Saturday, July 2, 2011

Four Percent

Here’s what recovery comes down to: 96% anger, fear, tears, loneliness, and hopelessness, and 4% light, peace, progress, healing, and growth. The ratio isn’t stacked in your favor, but the experts will keep telling you to cling to the 4%: “The 4% is totally worth it. You’ll be so happy when you get there. Don’t give up. Keep going.” Sometimes the 4% seems bogus and I wonder if I’d be better off sticking with the majority.

Sometimes I get sad.

Sometimes I get anxious.

Sometimes I get lonely.

Sometimes I get worried that recovery isn’t for me. It’s like a fable you read about in “happily ever after” stories, but us-common folk will never see it in real life. It’s like personal trainers and chefs to the rich and the famous. Something we may wish for and may actually exist, but will never come knocking on our door.

Much research revolves around the question: “Do people fully recover from eating disorders?” The experts are split. I think they are split because it’s so damn hard to tell the difference between a recovering person and your “normal” American woman. I’ve said it before and I will say it again: Either I don’t have an eating disorder or most other American women do.

I say this because it’s frustrating to look around at the “normal” world of women, hear the exact same comments and self-hatred I’ve heard in ED group circles, and then be told that I need help. If this version of “normal” is what I’m supposed to be aiming for, then what’s the point? I’m no longer binging and purging on a daily basis, in fact it’s been 18 months since I threw up and I haven’t deliberately starved myself for three years. I guess I’m looking around for a healthy role model that is “recovered” or doesn’t harbor the typical spew of self-hatred and I’m having a hard time finding one. I’m losing sight of the goal here because there aren’t a lot of examples of healthy, self-aware, and grace-filled women to emulate.

Lately I’ve been considering what I have to gain by fully recovering from this eating disorder. It’s not like I’m engaging in life-threatening behaviors anymore, I just have a hard time not tearing my body and food choices to shreds. How am I any different than most other women I know?

This eating disorder isn’t so bad. It has been by my side for five years. It’s never left me or forsaken me. It’s accompanied me through graduation and college and world travels. It’s reliable. It always flares up in stress. No surprises. It’s predictable. It will always tear me to shreds. It’s comfortable, a security blanket, a pair of slippers. This I understand. I may not like suffering through it, but good consistency is just so hard to find these days.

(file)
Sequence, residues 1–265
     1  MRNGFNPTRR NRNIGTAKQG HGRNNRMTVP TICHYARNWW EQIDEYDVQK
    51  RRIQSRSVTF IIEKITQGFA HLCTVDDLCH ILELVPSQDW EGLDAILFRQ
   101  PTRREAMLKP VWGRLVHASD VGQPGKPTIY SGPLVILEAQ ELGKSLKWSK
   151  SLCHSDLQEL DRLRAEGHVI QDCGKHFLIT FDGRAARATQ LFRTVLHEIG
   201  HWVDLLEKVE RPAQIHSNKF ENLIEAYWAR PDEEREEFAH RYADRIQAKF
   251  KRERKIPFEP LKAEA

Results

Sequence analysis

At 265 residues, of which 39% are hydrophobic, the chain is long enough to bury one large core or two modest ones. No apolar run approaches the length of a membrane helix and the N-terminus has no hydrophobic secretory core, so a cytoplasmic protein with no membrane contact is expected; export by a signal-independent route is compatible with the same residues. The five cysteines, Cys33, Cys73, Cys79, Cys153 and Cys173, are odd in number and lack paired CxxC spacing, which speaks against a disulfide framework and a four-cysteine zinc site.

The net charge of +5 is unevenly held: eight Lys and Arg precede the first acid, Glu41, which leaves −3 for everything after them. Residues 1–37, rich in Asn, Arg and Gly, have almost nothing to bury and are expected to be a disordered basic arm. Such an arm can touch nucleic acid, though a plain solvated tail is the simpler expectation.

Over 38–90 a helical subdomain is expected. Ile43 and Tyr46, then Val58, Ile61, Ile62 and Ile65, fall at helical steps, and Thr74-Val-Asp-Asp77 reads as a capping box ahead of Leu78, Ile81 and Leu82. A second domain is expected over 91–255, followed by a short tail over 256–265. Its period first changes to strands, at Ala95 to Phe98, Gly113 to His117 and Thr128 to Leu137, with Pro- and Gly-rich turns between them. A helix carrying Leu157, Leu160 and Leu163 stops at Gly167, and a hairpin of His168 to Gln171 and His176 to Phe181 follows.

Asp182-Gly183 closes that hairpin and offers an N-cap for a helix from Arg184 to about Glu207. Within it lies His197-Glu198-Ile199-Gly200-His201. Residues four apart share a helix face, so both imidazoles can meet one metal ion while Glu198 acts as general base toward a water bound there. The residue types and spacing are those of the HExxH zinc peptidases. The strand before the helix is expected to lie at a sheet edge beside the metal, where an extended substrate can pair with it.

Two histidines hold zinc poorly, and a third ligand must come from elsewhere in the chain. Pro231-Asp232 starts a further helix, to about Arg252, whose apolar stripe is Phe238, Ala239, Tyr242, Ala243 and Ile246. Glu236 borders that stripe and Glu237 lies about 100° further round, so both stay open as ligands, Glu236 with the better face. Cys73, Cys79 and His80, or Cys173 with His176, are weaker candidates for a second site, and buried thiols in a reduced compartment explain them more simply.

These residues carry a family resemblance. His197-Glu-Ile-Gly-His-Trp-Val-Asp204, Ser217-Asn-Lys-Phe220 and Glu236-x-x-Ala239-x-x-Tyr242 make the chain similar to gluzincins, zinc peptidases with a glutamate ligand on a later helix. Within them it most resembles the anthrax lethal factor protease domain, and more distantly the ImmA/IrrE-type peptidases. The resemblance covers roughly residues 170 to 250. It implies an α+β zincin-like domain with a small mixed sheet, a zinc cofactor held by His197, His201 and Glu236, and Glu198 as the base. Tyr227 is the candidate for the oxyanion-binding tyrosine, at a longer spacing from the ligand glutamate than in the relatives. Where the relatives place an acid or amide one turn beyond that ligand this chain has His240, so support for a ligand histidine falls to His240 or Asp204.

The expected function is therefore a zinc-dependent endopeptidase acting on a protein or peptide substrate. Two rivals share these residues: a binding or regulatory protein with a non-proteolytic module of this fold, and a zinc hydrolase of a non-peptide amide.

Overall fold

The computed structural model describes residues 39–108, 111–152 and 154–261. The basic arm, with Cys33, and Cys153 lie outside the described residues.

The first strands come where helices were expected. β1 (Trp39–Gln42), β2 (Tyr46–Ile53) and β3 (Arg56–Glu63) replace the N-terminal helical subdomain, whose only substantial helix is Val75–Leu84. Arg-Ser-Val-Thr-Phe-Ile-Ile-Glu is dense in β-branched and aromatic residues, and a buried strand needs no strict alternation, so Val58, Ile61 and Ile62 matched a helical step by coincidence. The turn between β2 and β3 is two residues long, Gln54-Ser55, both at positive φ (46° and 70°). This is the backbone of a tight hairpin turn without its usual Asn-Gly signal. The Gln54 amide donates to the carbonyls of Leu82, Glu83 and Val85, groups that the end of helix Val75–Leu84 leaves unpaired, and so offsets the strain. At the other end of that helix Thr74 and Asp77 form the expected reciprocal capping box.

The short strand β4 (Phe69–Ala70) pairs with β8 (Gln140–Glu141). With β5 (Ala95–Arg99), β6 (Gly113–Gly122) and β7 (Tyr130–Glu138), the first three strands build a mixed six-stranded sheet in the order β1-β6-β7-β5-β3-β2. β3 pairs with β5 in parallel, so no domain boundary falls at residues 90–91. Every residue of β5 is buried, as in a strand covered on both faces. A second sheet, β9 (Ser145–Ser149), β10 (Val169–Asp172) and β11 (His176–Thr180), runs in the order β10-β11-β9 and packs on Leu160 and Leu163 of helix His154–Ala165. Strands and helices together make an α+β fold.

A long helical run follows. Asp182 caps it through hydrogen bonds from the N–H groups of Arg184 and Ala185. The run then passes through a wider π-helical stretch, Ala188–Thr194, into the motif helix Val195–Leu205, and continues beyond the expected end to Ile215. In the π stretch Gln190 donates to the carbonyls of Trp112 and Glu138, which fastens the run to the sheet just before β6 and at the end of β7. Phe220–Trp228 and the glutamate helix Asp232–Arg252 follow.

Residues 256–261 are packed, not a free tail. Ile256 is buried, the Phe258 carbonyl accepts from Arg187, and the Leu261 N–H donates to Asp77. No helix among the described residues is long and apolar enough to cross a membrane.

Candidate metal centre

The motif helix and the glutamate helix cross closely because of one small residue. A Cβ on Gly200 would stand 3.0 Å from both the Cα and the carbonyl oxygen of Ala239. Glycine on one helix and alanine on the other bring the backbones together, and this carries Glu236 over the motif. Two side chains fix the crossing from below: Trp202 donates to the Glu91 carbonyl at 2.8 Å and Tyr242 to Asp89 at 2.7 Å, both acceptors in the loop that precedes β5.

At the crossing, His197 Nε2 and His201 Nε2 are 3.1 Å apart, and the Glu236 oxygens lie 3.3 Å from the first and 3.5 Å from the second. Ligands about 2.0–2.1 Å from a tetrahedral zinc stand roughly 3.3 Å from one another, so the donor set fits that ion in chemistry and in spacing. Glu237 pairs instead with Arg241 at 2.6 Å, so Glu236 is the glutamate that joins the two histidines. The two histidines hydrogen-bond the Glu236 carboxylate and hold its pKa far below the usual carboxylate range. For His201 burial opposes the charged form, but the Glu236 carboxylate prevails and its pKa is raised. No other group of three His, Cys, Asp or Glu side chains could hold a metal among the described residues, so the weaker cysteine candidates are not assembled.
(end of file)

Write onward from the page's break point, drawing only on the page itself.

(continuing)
Today I felt fragile and weak. I lost sight of my goals and my progress. I sat down and watched my own life. I started comparing. I was nit picky. I dissected my decisions, my habits, my body, my smile, my skills, my abilities, and my very worth. It all happened so fast. I didn’t fully grasp it until I stood in the walk-in refrigerator with a glutinous biscuit in hand (i.e. I have a nasty case of gluten-intolerance) and the realization that the biscuit would not help me feel any more worthy. But I ate it anyway. And then some.

I don’t want to live the rest of my life with an eating disorder. Nor do I want to mimic the behaviors or women who spend their entire lives asking others, “Am I thin enough? Pretty enough? Good enough?” I don’t want extreme diets and harmful behaviors, but I don’t want to merely tolerate my existence and waste time telling everyone how much I hate my thighs either. There must be balance. There must be hope out there some where.

Hope, I believe, comes in creating my own woman. I need not be what I’ve been (nor those who have come before me).

Instead, I can choose another path.

Instead, I can put down the magazine.

Instead, I can choose a different movie, a different TV show, a different web site.

Instead, I can avoid looking at the size on my clothes and purchase them based solely on how they make me feel.

Instead, I can keep track of my enjoyment of the food versus the calories and fat grams.

Instead, I can acknowledge the good in others and the good in myself (not a cruel game of comparisons).

Instead, I can give myself a break.

Instead, I can take deep breaths.

Instead, I can focus on the 4%.

Instead, I can eat breakfast in the morning (even if I don’t want to) because my body deserves food and nourishment and grace.


Emily said...

Instead, you can be an inspiration to other women who struggle, with food and other things. Today I told a friend about my dear friend Heather who has taught me not to describe other people by their weight or lack of it, and to not let it define me. Never again will the first thing I greet a lady friend with be "Have you lost weight?". That's thanks to you. (and Rosie.:) )

kessia reyne said...

The other day I wore uncomfortably short shorts because, as I told my husband, I wanted to show a little cellulite because it doesn't matter. I'm 28 years old and I'm finally happy with my body. I figured out that Jesus doesn't care about the way my legs seem to hold on to fat and the way my ribs seem pathologically afraid of it. And if He doesn't care... why do I? It gave me some much needed perspective. Thighs and waistlines? "Isn't life much more than food, and the body more than clothing?"

Keep on, Heather! Keep on working and re-realizing and deciding and remembering and trying and instead-ing! You ARE healing, and you are adding a beautiful voice of self-acceptance into a world starved of that message.